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Fluoroquinolones and the risk for tendon injury

Author: Craig Payne
by Craig Payne
Posted: May 12, 2021
generation fluoroqui

Fluoroquinolones are a commonly used antibiotic that is widely used to treat a variety of illnesses caused by infections such as respiratory and urinary tract infections. In the USA it has been estimated that fluoroquinolones are the third most commonly prescribed drug in the antibiotic class. The precursor of this drug category, nalidixic acid is considered the first quinolone drug even though it is not strictly a fluoroquinolone. It was first introduced in 1962 for the treatment of urinary tract infections. Now the Federal Drug Administration in the USA has approved many fluoroquinolones including levofloxacin (Levaquin), ciprofloxacin (Cipro), moxifloxacin (Avelox), ofloxacin, gemifloxacin (Factive) and delafloxacin (Baxdela).

The fluoroquinolone antibiotics work against infections caused by bacteria by interfering with the bacteria’s DNA replication. Early generation fluoroquinolones hamper bacterial DNA synthesis during replication primarily by inhibiting DNA gyrase, one enzyme that is required for bacterial DNA replication, but does not affect human cells. There are several generations of the fluoroquinolones that are available, with each subsequent generation being a refinement of the generation before. The earlier generation fluoroquinolones were, in general, more narrower spectrum than the subsequent ones, which means the more recent ones are more effective against a wider range of types of bacteria.

Fluoroquinolones are generally considered to be very safe antibiotics which do not cause many serious or life-threatening adverse reactions. Like all drugs they do have side effects that are not common and are usually easily managed. The most frequent side-effects are gastrointestinal reactions (such as nausea, dyspepsia and vomiting) and central nervous system reactions such as dizziness, insomnia and headache. Anyone starting on these drugs should be monitoring for these potential side affects.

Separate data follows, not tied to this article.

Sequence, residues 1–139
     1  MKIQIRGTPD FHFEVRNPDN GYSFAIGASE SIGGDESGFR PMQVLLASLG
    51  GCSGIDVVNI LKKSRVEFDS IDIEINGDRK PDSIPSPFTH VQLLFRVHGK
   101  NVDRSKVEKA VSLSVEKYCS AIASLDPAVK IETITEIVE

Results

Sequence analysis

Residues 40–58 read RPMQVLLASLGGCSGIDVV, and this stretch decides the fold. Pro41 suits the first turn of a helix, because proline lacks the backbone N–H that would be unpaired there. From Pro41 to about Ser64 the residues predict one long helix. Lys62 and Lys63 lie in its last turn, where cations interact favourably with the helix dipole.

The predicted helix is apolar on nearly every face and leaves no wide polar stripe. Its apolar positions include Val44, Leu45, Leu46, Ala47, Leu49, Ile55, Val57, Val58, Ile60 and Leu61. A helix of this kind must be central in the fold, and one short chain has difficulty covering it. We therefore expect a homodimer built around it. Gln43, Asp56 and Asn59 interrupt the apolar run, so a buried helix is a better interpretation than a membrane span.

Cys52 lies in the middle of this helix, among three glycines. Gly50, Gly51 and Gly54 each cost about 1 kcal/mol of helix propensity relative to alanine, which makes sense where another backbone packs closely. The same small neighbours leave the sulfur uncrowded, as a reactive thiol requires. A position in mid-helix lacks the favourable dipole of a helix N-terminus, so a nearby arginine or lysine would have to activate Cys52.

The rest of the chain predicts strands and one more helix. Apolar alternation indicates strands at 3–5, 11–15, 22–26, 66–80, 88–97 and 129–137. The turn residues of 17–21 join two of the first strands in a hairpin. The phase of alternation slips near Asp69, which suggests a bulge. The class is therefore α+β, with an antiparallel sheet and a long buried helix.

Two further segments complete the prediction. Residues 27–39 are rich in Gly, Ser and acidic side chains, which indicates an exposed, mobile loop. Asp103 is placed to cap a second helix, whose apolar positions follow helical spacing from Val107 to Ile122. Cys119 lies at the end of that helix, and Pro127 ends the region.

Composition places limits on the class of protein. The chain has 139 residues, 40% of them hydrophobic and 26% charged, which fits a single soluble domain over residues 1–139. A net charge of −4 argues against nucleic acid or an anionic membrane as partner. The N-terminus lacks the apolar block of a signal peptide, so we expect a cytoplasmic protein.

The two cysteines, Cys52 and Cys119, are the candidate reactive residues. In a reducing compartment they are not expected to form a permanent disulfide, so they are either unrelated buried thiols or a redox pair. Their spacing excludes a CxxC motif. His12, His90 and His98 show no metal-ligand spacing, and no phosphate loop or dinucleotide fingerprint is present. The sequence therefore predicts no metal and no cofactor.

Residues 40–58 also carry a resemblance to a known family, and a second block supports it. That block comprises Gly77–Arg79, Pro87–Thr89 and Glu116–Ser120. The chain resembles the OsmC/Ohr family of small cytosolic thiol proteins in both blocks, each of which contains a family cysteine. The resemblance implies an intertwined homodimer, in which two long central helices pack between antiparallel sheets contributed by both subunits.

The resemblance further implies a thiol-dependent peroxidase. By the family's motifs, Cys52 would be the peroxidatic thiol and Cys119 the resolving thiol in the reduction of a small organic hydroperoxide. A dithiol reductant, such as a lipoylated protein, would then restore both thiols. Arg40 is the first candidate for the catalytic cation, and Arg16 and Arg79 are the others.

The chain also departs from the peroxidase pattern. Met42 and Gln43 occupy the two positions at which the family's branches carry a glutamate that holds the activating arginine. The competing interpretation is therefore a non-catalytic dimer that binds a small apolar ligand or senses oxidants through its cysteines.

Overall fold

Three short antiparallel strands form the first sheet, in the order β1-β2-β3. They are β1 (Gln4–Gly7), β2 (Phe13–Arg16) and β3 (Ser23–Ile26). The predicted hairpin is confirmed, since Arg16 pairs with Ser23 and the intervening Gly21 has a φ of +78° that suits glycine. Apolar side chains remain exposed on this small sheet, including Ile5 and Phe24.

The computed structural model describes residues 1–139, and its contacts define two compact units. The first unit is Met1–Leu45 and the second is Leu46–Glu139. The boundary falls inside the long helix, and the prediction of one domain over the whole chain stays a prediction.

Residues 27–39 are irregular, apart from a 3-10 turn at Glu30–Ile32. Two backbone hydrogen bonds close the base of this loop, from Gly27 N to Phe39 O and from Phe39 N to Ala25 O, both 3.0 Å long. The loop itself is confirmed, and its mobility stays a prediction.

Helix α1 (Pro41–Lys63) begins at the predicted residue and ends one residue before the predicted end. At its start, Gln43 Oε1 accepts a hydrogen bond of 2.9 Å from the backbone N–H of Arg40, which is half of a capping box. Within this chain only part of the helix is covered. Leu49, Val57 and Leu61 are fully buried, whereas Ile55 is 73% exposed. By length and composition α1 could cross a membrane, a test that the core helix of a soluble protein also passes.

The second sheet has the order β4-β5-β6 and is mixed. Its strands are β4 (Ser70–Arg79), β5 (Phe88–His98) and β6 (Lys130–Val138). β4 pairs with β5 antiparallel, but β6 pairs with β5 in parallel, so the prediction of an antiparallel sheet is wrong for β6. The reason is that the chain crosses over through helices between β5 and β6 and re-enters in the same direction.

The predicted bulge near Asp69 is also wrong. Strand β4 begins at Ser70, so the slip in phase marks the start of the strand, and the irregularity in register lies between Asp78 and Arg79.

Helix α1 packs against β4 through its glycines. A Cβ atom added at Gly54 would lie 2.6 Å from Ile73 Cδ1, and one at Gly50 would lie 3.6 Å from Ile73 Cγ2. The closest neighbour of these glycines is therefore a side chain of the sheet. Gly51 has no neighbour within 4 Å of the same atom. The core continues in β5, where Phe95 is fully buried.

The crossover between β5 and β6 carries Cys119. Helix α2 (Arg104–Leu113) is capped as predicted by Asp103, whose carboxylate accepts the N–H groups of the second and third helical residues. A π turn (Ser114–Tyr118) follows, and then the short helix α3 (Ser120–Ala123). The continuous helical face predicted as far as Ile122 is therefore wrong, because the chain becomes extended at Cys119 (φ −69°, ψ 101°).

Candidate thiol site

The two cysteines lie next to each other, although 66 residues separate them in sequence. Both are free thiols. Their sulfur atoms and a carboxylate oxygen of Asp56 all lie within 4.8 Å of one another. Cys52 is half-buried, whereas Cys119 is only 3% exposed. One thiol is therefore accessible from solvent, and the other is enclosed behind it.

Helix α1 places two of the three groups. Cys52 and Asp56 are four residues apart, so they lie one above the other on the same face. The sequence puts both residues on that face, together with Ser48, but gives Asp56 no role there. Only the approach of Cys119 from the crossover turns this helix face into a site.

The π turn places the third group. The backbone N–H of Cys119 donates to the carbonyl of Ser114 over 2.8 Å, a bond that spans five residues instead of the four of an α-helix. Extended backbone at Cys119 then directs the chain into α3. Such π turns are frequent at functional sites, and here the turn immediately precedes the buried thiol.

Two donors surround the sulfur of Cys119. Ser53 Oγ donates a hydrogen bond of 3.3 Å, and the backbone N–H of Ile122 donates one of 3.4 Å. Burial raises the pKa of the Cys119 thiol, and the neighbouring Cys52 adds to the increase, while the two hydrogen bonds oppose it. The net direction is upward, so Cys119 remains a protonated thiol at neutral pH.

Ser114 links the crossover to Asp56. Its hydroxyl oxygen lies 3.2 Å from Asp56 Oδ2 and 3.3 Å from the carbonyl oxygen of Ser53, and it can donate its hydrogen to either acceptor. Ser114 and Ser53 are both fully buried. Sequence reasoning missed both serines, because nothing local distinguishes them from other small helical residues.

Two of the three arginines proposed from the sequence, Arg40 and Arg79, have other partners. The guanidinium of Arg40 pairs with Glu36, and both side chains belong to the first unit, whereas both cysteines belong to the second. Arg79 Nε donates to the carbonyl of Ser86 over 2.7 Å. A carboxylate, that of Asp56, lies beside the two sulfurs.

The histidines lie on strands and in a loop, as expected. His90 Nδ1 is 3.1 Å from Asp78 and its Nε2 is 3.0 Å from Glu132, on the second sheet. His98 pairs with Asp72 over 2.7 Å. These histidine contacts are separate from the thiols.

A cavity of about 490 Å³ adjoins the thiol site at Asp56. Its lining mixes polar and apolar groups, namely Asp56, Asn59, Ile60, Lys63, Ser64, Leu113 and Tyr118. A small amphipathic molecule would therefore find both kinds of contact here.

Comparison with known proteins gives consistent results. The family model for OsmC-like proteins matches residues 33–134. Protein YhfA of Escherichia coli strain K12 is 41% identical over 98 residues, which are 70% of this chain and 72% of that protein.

One unique side affect of the Fluoroquinolones is a higher risk of tendonitis and tendon ruptures, especially of the Achilles tendon. This has been most commonly documented with the use of ciprofloxacin and levofloxacin. The tendonitis typically appears within a month or so of starting to take the drug. However, the tendon ruptures can occur suddenly and often do not have any noticeable symptoms before they happen.

A recent study from from Jichi Medical University in Tochigi, Japan, suggests that the newer third-generation fluoroquinolones may have a lower risk of Achilles tendon rupture. These researchers used a health care administrative database to identify 504 patient cases of Achilles tendon ruptures that were also taking an antibiotic. They were able to find that these third-generation fluoroquinolones were not associated with an increase in Achilles tendon rupture. The database revealed that the commonly used first- and second-generation fluoroquinolones, such as ciprofloxacin were at elevated risk of an Achilles tendon rupture, which previous research has shown. The newer third-generation fluoroquinolones such as moxifloxacin, garenoxacin, sitafloxacin, prulifloxacin and pazufloxacin were associated with a lower risk of developing a tendon rupture. They did note that they did not investigate the other side affects of this drug and further research is needed to properly evaluate that risk.

The fluoroquinolones remain an important antibiotic for use against susceptible infections in those with respiratory and urinary tract infections with limited side affects.

About the Author

Craig Payne is a University lecturer, runner, cynic, researcher, skeptic, forum admin, woo basher, clinician, rabble-rouser, blogger and a dad.

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Author: Craig Payne
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Craig Payne

Member since: Aug 16, 2020
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